If honesty and customer loyalty were a priority for Honda dealership repair shops, I could understand a bill of say, $200 and change for the same “clean and lube” job my local repairmen performed.
I think this is really what it comes down to. Not the glossy pros and cons Edmunds would have you believe. No. Find an honest and reputable local mechanic and avoid losing your shirt.
Dealership Service Department Horror Stories
Here’s why I love writing a personal finance blog. There’s a community of fellow bloggers ready to share their very own dealership horror stories:
Dads and Dollar$ shared: It would take way more than one tweet to go through all of it, but I got ripped off when I was young and inexperienced. Suffice it to say that the place in question did not repair my car and made it worse than it had been when I brought it in.
My boy Freddy Smidlap offered this up: I ripped off a dealership on an insurance repair once. I got one back for all of us little guys. The general manager kept calling my house and I told him to come on over and take it back “if you think you can.”
This anecdote from the Gleaning Sage warns that even highly-rated shops can cause problems: I looked up a highly-rated mechanic in Phoenix and told them I needed an oil change and a good once-over (because I was driving my 15yo Sentra to CO). They replaced the CV joint, did an oil change, etc. for $900.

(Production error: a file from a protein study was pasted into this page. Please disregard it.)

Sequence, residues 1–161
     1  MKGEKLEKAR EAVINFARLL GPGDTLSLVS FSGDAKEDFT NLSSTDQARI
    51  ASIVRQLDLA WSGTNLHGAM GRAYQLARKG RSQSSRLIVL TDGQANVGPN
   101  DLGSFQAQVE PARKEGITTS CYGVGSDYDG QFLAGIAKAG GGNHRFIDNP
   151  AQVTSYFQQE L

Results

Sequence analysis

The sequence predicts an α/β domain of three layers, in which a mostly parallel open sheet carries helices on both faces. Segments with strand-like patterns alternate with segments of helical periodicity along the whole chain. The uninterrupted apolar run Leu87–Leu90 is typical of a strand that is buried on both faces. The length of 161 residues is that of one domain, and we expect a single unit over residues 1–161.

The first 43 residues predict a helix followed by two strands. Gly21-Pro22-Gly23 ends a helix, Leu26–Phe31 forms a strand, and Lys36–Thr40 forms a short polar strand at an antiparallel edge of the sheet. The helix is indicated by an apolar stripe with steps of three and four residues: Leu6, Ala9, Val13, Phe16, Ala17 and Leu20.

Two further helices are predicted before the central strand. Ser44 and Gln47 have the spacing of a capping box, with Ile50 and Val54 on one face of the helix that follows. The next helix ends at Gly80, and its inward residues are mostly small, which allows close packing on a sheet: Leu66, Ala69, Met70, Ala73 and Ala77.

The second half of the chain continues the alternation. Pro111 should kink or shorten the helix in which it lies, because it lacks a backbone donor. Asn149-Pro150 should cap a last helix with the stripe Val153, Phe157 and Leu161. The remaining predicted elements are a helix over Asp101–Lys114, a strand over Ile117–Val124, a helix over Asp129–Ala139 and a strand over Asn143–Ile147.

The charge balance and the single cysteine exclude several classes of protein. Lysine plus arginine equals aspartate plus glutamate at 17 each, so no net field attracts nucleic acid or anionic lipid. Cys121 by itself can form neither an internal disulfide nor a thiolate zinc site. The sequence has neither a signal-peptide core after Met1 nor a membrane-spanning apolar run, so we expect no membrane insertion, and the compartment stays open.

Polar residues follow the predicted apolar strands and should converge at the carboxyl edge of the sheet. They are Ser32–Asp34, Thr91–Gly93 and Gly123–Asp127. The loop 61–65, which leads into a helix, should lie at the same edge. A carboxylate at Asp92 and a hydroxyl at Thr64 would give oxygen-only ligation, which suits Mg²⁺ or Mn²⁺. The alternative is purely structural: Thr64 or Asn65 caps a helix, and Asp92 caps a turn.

The next week, I start fine… only to get stuck in Grants NM. They had cleaned the battery terminal connector down to the width of floss so it broke and fell off as I went across AZ. When I stopped for a break in Grants, NM, the battery was dead because it wasn’t charging.
What about you? In deciding whether to service your car at the dealership or mechanic, where do you stand? Share your juicy story in the comments below.
Ergo? Never Take Your Car to the Dealership for Repairs!
There are situations where it makes sense to have work done at the dealership. If your vehicle is still under warranty, then many repairs can be performed without a fee.
Oil changes are acceptable too since you can often get a free car wash to go along with that complimentary cup of java (and sugar-loaded muffin).
But for just about any other repair outside of warranty that doesn’t involve an oil change? I’d think twice. From now on, we’ll be taking our paid-off sleds to the local guys. My biggest tip to offer: Do NOT settle on one particular shop.
Instead, rotate among 2 or 3 and build up a track record of experiences.
Better still, see if you can learn a few basics about auto repair, even just a little, to help you diagnose problems. Then you’ll know what you’re talking about when you step up to that reception desk.
The coffee may not be as good or even free, but the money you’ll save could buy you a daily Starbucks drink for a full year (or more!)